Demand creation major challenge amid coronavirus crisis, says SIAM
Demand generation will be a major challenge for the Indian auto industry, as the lockdown measure is expected to dent the economy hard, an industry body said.
The auto industry has been struggling for some time now, earlier the general economic slowdown had hampered its growth during 2019, and now the production, sales and financing constraints unleashed by the lockdown has further dented the sector's fortunes.
Currently, production at factories and suppliers have been halted so are the functioning of dealerships.
The lockdown which has been deemed necessary to curb the spread of Covid-19, has dealt a heavy blow to commerce, leading to a temporary closure of shopping malls, grounding of aircraft, shutting down of factories and deserted market places.
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According to Society of Indian Automobile Manufacturers' (SIAM) Director General Rajesh Menon: "Indian automobile industry is going through its most stressful period with specific challenges related to demand, supply and availability of finance because of Covid-19 related lockdown."
"Demand creation would be a major challenge."
Consequently, the industry body has sought a stimulus package from the Centre.
"Government should include Temporary Reduction in standard GST rate by 10 per cent across all vehicle categories in the stimulus package," Menon said.
At present, automobiles attract 28 per cent or more GST, excluding Cess charges, insurance cost and other sector-specific taxes.
"Incentive based 'Vehicle Scrappage' scheme including 50 per cent rebate in GST, road tax and registration charges for the purchase of the new vehicle," he said.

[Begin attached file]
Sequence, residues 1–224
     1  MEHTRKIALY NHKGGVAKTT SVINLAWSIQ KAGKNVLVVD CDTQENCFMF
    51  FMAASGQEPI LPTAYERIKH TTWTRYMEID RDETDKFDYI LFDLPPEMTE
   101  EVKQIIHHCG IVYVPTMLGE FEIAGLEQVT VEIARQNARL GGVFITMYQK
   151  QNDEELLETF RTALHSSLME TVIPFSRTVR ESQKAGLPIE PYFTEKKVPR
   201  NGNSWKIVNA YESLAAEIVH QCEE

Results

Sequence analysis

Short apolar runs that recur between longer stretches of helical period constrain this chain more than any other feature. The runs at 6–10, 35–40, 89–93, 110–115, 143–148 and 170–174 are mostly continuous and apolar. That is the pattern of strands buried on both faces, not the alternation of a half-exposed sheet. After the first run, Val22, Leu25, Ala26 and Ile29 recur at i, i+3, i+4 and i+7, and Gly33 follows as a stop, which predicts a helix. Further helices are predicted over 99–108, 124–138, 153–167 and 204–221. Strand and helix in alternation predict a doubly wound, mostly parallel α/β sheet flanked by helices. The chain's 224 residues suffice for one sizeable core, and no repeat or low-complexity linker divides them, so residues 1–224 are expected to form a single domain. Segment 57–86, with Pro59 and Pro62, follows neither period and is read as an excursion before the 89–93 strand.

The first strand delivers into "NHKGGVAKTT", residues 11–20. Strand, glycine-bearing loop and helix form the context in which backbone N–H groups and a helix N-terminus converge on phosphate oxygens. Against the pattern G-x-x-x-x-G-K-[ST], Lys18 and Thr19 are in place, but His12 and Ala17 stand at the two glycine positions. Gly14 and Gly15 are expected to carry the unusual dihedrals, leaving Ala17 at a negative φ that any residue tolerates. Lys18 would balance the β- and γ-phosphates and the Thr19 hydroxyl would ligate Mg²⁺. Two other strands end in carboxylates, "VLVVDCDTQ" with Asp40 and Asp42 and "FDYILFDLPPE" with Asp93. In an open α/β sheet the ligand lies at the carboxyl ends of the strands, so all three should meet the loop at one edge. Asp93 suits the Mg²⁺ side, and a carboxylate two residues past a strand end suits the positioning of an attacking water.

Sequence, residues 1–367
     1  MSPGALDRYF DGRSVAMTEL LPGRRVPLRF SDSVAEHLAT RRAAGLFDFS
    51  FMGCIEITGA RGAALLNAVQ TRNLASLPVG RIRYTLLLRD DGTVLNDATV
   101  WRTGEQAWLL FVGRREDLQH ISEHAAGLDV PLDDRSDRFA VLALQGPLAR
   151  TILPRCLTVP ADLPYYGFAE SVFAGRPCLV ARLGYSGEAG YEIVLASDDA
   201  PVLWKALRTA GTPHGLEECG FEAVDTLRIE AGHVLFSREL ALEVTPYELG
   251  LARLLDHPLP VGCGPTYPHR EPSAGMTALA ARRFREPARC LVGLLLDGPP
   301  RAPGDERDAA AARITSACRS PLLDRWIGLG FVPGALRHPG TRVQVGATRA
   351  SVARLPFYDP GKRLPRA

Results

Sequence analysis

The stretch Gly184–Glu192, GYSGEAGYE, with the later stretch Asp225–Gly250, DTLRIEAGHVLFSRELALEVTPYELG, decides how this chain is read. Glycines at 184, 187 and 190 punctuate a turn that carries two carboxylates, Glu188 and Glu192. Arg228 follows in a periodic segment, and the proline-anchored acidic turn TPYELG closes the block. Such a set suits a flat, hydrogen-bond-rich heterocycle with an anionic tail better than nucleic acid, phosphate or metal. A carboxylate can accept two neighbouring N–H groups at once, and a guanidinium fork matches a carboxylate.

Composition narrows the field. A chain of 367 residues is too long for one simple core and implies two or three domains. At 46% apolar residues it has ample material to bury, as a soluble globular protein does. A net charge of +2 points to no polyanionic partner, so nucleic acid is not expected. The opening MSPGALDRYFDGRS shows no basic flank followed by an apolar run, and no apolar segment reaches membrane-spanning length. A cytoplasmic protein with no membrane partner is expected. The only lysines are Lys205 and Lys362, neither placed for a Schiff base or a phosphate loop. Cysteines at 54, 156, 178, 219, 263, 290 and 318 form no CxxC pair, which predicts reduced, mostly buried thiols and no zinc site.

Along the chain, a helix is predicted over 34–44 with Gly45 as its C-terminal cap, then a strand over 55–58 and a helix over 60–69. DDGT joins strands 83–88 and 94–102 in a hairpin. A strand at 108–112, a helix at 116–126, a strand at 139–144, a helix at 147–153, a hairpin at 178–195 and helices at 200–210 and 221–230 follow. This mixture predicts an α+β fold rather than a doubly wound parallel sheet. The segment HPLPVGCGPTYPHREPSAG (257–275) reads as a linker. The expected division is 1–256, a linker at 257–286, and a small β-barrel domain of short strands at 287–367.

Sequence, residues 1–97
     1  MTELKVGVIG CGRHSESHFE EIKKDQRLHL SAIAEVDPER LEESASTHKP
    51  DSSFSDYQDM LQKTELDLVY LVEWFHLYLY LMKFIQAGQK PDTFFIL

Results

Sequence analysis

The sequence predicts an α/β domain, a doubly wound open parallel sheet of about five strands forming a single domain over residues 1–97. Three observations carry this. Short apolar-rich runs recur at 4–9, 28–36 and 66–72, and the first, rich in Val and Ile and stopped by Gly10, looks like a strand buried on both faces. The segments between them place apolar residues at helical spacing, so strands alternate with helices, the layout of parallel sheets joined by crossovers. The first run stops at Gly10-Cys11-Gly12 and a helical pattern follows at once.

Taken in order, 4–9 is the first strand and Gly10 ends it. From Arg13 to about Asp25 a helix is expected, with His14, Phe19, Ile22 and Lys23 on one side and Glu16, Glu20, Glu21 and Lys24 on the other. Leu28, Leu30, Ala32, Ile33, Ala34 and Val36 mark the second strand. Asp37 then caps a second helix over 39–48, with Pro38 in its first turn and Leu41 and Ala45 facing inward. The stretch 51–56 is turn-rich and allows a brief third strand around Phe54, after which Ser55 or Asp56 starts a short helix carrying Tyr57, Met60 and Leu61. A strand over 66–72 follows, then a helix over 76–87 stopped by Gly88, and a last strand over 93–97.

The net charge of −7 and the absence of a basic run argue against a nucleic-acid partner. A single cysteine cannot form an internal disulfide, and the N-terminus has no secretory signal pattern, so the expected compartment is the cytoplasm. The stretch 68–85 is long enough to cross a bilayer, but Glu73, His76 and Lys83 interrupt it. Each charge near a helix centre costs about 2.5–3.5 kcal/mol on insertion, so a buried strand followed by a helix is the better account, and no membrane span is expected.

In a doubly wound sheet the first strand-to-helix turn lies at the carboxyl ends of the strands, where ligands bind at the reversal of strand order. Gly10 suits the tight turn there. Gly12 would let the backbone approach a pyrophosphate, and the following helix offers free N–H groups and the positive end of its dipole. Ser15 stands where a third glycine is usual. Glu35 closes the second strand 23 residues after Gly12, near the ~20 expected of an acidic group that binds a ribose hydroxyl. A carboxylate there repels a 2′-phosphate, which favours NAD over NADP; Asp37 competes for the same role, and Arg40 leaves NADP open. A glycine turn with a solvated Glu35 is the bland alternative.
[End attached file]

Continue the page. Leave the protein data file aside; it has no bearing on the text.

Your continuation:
The automobile industry has repeatedly sought an 'End of Life' policy from the Central government as a measure to arrest the falling sales.
The policy, if implemented, is expected to encourage customers to go in for new purchases which will be backed-up by government incentives in lieu of their old vehicles.
As the revenues take a hit, the original equipment manufacturers are struggling to meet fixed cost and working capital requirements, he said.
The domestic passenger vehicle sales have halved in March compared to the same period of last year.
A total of 1,43,014 passenger vehicles were sold in March 2020 in India, 51 per cent lower than the 2,91,861 units sold in March 2019.
Commercial vehicle sales plunged 88 per cent to 13,027 units last month, compared to 1,09,022 units during the year ago period.
Three-wheeler sales stood at 27,608 units, 58.34 per cent lower on a year-on-year basis. Similarly, two-wheeler sales were recorded at 8,66,849 units in March 2020, compared to 1,440,593 units in March 2019, a decline of 39.83 per cent.
Production of vehicles last month declined by 33.61 per cent to 1,447,345 units, including passenger vehicles, commercial vehicles, three-wheelers, two-wheelers and quadricycles, as against 2,180,203 units in March 2019, the data showed.
As per SIAM's estimate, the Indian auto industry is losing ₹2,300 crore in production turnover for every day of closure.
Presently, the automotive industry accounts for almost 50 per cent of manufacturing gross domestic product (GDP), 15 per cent of goods and services tax (GST) and employs 37 million people directly and indirectly in India.